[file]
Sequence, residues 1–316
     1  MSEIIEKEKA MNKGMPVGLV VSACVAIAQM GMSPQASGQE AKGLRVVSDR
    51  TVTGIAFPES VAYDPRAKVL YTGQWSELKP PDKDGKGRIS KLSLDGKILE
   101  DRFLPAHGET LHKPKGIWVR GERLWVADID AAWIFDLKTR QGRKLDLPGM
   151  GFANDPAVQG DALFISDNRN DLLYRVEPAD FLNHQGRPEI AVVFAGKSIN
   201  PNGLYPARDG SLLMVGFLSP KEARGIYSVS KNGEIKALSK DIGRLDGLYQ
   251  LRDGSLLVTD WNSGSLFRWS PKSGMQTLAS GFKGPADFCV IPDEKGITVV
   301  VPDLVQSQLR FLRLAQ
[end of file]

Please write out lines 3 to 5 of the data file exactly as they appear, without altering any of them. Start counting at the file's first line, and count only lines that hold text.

    51  TVTGIAFPES VAYDPRAKVL YTGQWSELKP PDKDGKGRIS KLSLDGKILE
   101  DRFLPAHGET LHKPKGIWVR GERLWVADID AAWIFDLKTR QGRKLDLPGM
   151  GFANDPAVQG DALFISDNRN DLLYRVEPAD FLNHQGRPEI AVVFAGKSIN